Thursday, 3 December 2015
Parliamentary Delegation to the Republic of Indonesia
I present the report of the Australian parliamentary delegation to the Republic of Indonesia from 27 September to 1 October 2015, and I ask leave of the House to make a short statement in connection with the report.
Indonesia is just to the north of Australia. It is a nation of some 250 million people. It is a nation with which we share much. It is also a nation with which we should be sharing so much more.
I am very proud to have been part of our delegation to Indonesia. Led by Senator Chris Back, and with the member for Throsby and Tasmanian Senator Anne Urquhart, we ventured into Jakarta and Balikpapan. It was a visit where we saw what Indonesia had been, what Indonesia is today and what Indonesia wants to be tomorrow. We met with young entrepreneurs and leaders of the digital economy, with the mining industry, with the cattle industry and with the food and textile value-adding sectors.
We should all be very proud of our foreign office staff. As parliamentarians, we are able to visit other countries and see, firsthand, the expertise and commitment of our DFAT people who make up our embassies and missions. We can be justifiably proud of our Ambassador to Indonesia, Paul Grigson, his Deputy Head of Mission, Dr Justin Lee, and their entire team at our embassy, who went out of their way to ensure we received an holistic Indonesian experience.
To the chairman and directors of the Sunda Kelapa mosque, the management and staff of the Bogasari flour mill, to the school children at the local madrasah, we say thank you for your hospitality, your openness, your willingness to include us in your discussions and plans for the future.
We also travelled to Balikpapan, where we toured the sites of Thiess and Coates and witnessed the training and expertise of expat Australians and the hardworking Indonesian locals. We also visited the World War II memorials and paid our respects to those who made the ultimate sacrifice during World War II. To me, Balikpapan was the highlight of the tour, as it helped me crystallise my thoughts on the challenges of infrastructure deficits in Australia.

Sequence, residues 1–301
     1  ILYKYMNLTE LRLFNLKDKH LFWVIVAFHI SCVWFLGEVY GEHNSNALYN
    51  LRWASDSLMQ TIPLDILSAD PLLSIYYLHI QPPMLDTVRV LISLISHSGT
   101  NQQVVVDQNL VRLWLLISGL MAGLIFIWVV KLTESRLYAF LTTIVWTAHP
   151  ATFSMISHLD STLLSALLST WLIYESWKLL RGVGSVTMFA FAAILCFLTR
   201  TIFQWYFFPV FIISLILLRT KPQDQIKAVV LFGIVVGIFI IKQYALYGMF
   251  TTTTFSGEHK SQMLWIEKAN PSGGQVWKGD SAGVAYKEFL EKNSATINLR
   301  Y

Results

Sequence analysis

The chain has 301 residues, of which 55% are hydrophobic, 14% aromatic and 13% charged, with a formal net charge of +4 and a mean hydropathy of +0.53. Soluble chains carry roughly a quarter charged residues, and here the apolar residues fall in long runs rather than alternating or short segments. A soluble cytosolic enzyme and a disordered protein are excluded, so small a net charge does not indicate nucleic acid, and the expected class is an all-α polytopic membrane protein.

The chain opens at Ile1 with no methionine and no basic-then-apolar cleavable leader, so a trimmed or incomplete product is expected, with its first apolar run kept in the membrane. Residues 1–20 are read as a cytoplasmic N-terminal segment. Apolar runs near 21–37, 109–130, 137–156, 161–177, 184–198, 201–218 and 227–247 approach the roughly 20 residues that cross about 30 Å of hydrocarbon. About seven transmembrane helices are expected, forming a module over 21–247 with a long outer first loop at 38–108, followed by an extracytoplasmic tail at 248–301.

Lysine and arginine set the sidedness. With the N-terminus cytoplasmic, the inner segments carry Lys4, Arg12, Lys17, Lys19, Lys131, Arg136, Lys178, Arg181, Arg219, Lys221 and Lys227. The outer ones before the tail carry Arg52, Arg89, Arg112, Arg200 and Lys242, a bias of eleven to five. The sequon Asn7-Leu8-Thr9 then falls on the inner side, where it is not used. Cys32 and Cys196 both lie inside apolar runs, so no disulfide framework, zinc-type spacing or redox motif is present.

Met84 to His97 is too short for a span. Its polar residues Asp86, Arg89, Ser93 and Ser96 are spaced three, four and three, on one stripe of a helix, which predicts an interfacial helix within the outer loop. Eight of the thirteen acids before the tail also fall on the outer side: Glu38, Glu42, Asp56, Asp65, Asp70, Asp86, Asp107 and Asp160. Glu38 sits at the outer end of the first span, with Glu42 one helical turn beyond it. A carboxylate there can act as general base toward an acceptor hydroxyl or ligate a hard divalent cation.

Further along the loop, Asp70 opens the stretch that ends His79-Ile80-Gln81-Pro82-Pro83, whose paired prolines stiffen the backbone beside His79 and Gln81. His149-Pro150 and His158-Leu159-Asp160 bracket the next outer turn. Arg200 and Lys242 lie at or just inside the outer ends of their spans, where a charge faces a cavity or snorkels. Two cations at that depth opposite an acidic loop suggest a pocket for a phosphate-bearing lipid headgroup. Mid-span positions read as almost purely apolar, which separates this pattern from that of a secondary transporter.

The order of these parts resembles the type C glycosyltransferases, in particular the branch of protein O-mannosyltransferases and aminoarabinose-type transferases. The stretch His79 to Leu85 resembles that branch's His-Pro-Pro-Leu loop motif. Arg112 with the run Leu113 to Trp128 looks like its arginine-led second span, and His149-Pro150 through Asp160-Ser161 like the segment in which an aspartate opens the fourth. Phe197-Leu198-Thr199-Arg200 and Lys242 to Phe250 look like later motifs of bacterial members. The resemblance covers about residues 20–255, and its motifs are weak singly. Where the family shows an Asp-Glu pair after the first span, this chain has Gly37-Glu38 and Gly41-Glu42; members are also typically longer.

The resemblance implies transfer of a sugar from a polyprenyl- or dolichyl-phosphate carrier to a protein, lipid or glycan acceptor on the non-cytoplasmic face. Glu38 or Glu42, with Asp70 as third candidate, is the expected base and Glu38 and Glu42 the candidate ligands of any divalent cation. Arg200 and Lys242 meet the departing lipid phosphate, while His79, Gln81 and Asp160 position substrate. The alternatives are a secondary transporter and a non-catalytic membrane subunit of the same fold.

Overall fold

While in Jakarta, the terribly urgent need for massive infrastructure spending was obvious. In Balikpapan, we saw a city of some 700,000 people put up with power continually tripping out because of the emergency infrastructure spending in Jakarta. The more they spend in the capital, the more they need to spend. Balikpapan, like Northern Queensland and regional Australia, has very real infrastructure needs, but is continually put on the backburner while emergency infrastructure spending is carried out in the major metropolitan centres. The end result is that more people move to the major centres and more emergency infrastructure is needed. I found our discussions with Balikpapan mayor, Mr Rizal Effendi, illuminating, as he calmly goes about his business of fighting for his region.
Our Prime Minister, Malcolm Turnbull, tells us that our country's greatest assets are its people. That is just as true in Indonesia as it is here. The ability that we have to travel to other countries and meet, discuss, and recognise more and more just how much alike we actually are and that the challenges that we face are so similar is a gift that this parliament should never ever let go. Trade and business break down barriers between our people. We must do everything that we can to ensure that we do exchange more and more on business, trade, educational, and cultural bases. Only then will the walls between our two nations come down.
I give a special mention to Sophie Dunstan, our liaison officer and factual tour leader. Her ability to keep us all in line while seeming to be in the background was noted by absolutely every one of us, especially the member for Throsby, who was a continual challenge!
I thank the parliament for allowing us to take this trip. I would encourage all parliamentarians to engage at this level. It is a lot of work for our DFAT people at both ends, but it is worth it. I thank the House.